Sydney Metro West Project Unveils Plans for Rosehill Racecourse Redevelopment

Rosehill Racecourse Redevelopment Plans ADR
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The New South Wales government has officially released plans for the redevelopment of Rosehill Racecourse as part of the Metro West project, unveiled on Wednesday. The multi-billion-dollar initiative, which faced delays due to concerns over costs and timelines, has now been confirmed to proceed.

A memorandum of understanding has been signed between the Minns government and the Australian Turf Club to execute the proposed redevelopment of the Rosehill Racecourse. The iconic racecourse is slated to be replaced by 25,000 new residential properties, green spaces, and a Metro West station, supplementing the existing plans for the underground rail network.

This redevelopment is part of a comprehensive strategy aimed at constructing 138,000 new dwellings in rezoned sites across 31 suburbs, along with 47,800 homes near eight major transport hubs within the next 15 years.

The plan entails the complete relocation of Rosehill Gardens Racecourse, making way for the construction of 25,000 new homes, green areas, and a Metro station. While the specific relocation site for the racecourse remains undisclosed, the government has identified several potential locations.

Sydney Metro West Stations proposed to be built by 2030
Sydney Metro West Stations proposed to be built by 2030
Sydney Metro West Proposed Network to include Rosehill Racecourse extention
Sydney Metro West Proposed Network to include Rosehill Racecourse extention

Collaborating on this transformative venture, the Minns government and the ATC are jointly investing $5 billion. These funds will not only support the relocation of Rosehill Gardens Racecourse but also contribute to the rebuilding and development of existing racecourses and facilities at Warwick Farm and Royal Randwick.

To accommodate the relocation of 300-400 horses from Rosehill Gardens stables, a state-of-the-art horse training facility will be established at Horsley Park. Rosehill Racecourse is expected to transition gradually to its new location by the end of the decade, according to the ATC.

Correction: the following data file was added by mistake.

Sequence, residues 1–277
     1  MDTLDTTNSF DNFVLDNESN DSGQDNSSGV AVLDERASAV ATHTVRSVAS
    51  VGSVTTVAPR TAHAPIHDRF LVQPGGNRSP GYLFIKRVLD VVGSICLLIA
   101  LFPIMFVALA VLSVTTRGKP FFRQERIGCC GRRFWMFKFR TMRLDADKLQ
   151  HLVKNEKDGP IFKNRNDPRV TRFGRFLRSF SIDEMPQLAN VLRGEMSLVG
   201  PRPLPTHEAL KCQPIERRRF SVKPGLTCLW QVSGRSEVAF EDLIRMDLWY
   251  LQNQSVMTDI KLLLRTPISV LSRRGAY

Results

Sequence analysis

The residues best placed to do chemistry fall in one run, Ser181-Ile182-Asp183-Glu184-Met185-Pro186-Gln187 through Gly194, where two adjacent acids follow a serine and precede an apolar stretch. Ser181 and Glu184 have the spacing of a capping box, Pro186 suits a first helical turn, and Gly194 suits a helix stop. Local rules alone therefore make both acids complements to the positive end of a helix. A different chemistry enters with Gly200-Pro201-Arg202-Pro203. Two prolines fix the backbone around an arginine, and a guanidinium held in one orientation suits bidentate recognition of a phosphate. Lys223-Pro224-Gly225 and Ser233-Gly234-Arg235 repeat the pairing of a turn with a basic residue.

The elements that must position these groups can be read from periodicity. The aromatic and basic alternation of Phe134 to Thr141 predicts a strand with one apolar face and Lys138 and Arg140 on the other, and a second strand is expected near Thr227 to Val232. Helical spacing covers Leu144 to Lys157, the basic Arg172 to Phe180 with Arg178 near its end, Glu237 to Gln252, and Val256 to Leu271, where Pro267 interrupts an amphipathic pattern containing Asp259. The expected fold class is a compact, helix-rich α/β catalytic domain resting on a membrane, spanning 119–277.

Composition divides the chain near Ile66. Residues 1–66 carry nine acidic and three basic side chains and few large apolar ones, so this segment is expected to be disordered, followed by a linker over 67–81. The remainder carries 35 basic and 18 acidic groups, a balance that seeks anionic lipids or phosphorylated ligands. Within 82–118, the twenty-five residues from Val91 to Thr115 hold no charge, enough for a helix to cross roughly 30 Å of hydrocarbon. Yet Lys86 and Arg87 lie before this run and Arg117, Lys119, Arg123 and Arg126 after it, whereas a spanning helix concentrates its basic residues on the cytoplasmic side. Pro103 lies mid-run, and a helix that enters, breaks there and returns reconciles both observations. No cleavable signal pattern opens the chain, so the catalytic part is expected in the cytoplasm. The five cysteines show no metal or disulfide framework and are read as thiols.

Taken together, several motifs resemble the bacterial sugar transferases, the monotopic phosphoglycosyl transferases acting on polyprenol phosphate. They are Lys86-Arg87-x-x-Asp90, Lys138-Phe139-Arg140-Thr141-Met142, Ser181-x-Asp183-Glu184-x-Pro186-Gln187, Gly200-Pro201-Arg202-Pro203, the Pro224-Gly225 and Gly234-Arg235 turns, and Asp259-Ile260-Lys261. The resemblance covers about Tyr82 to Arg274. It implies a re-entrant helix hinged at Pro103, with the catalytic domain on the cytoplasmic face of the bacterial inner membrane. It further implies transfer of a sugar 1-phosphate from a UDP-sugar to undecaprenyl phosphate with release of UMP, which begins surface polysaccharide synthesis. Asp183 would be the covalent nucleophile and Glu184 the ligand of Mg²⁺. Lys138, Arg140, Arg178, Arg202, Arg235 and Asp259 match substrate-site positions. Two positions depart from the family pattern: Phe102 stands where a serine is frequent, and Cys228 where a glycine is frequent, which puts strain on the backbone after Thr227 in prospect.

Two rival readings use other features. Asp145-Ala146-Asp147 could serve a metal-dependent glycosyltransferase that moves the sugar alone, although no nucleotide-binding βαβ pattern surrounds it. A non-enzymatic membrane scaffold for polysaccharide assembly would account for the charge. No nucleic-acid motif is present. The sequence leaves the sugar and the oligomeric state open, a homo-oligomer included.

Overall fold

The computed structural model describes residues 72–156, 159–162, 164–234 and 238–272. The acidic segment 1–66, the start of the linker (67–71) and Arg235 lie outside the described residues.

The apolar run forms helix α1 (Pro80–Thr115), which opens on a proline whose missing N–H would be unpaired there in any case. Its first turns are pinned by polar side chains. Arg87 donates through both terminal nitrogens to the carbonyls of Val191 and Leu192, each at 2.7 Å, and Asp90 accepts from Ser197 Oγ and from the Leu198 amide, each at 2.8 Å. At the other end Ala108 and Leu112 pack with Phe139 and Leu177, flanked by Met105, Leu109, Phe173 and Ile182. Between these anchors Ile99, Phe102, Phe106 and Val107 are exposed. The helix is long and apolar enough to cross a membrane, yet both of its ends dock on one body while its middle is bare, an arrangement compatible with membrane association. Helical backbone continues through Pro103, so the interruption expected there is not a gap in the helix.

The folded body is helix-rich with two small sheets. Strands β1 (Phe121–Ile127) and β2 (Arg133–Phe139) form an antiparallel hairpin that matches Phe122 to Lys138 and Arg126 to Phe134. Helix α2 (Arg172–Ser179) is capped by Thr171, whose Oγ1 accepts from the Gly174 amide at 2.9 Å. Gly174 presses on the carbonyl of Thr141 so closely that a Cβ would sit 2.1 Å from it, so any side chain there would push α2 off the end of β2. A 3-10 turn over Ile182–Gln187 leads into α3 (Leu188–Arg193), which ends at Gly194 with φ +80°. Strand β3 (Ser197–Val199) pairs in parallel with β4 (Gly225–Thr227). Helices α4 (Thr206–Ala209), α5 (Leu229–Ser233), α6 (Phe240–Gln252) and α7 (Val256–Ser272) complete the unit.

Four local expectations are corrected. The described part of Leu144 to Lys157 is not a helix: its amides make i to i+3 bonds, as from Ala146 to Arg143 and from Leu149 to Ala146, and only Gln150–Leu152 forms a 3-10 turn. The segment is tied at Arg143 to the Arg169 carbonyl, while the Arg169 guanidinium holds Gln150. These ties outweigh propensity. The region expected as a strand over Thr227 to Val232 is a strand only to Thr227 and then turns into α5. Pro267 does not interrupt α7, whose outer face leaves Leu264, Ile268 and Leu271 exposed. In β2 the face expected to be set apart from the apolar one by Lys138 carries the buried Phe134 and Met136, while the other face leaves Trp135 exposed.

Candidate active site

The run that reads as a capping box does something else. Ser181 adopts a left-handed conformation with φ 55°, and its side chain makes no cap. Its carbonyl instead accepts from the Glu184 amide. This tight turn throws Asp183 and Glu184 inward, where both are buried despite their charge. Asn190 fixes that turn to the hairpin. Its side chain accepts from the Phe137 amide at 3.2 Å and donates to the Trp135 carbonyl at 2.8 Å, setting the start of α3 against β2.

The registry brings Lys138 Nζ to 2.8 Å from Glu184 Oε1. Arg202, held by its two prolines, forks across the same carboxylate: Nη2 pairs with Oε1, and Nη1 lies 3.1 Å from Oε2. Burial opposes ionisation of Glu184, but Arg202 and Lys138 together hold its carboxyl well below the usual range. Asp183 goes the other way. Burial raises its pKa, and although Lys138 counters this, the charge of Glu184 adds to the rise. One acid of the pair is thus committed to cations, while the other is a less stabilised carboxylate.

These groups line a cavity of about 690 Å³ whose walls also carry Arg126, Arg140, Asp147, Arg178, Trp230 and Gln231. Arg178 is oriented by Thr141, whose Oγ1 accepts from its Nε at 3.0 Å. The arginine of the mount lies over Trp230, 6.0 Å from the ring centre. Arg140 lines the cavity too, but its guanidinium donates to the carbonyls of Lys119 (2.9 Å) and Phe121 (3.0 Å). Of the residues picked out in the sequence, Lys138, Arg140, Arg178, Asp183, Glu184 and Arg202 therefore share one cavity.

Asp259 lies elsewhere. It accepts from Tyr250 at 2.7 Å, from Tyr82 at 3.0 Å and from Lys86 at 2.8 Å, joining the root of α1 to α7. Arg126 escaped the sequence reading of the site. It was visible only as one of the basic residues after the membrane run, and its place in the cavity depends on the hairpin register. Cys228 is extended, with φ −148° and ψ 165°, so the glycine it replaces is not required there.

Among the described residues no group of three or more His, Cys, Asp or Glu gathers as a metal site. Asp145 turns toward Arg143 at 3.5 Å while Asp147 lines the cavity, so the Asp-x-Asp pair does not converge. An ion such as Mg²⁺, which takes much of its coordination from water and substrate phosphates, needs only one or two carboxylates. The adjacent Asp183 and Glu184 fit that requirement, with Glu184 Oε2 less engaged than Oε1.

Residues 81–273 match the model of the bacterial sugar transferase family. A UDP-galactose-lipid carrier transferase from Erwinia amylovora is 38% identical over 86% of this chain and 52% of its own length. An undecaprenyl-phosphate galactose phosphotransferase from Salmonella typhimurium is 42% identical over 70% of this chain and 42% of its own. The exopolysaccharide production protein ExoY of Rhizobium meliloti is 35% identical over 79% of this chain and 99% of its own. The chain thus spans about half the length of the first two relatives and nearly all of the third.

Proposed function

In line with the NSW government’s housing policy, the focus is on vertical development rather than urban sprawl. Premier Chris Minns emphasized the commitment to delivering 210,800 homes, with 25,000 of them proposed for the Rosehill site.

NSW Premier Chris Minns Announced the Rosehill Racecourse redevelopment and Metro West extention plans
NSW Premier Chris Minns Announced the Rosehill Racecourse redevelopment and Metro West extention plans
Western Sydney is transitioning to a higher density corridor.
Western Sydney is transitioning to a higher density corridor.

The first stage of the plan will involve rezoning areas around metro and train stations in Bankstown, Bays West, Bella Vista, Crows Nest, Homebush, Hornsby, Kellyville, and Macquarie Park. The objective is to build 47,800 homes within 1200 meters of transport in these suburbs over the next 15 years.

To support the influx of residents, the state government will allocate $520 million for infrastructure development, including road upgrades and open spaces.

In the second stage, 138,000 new dwellings will be delivered by rezoning 31 suburbs for higher density housing within 400 meters of their metro or train station. This includes areas such as:

  • Adamstown,
  • Ashfield
  • Banksia
  • Berala
  • Booragul
  • Canterbury
  • Corrimal
  • Croydon
  • Dapto
  • Dulwich Hill
  • Gordon
  • Gosford
  • Hamilton
  • Killara
  • Kogarah
  • Kotara
  • Lidcombe
  • Lindfield
  • Marrickville
  • Morisset
  • Newcastle Interchange
  • North Strathfield Metro
  • North Wollongong
  • Rockdale
  • Roseville
  • St Marys Metro
  • Teralba
  • Tuggerah
  • Turrella
  • Wiley Park
  • Wyong.
Sydney's Transport Orientated Development Precincts Proposed
Sydney’s Transport Orientated Development Precincts Proposed

Developers within these zones will benefit from a fast-tracked approvals process, termed ‘State Significant Development,’ ensuring the swift construction of approved projects over $60 million, with construction commencement within two years of approval.

The government’s assertion of control over planning laws around town centers across the state will enforce the construction of mid-rise residential apartment blocks in permissible areas, eliminating the ability of councils to obstruct proposals based on building height.

Note: The information presented in this article is for general informational purposes only and should not be relied upon as legal, financial, or professional advice. While we make every effort to fact-check and verify the information presented, we cannot guarantee its accuracy or completeness. Readers are encouraged to independently verify any information they find on our website and to consult with relevant professionals before making any decisions based on the information presented. The Australian Development Review does not own the rights to the information included within this article, and furthermore, there is no infringement intended from the included text and images within.


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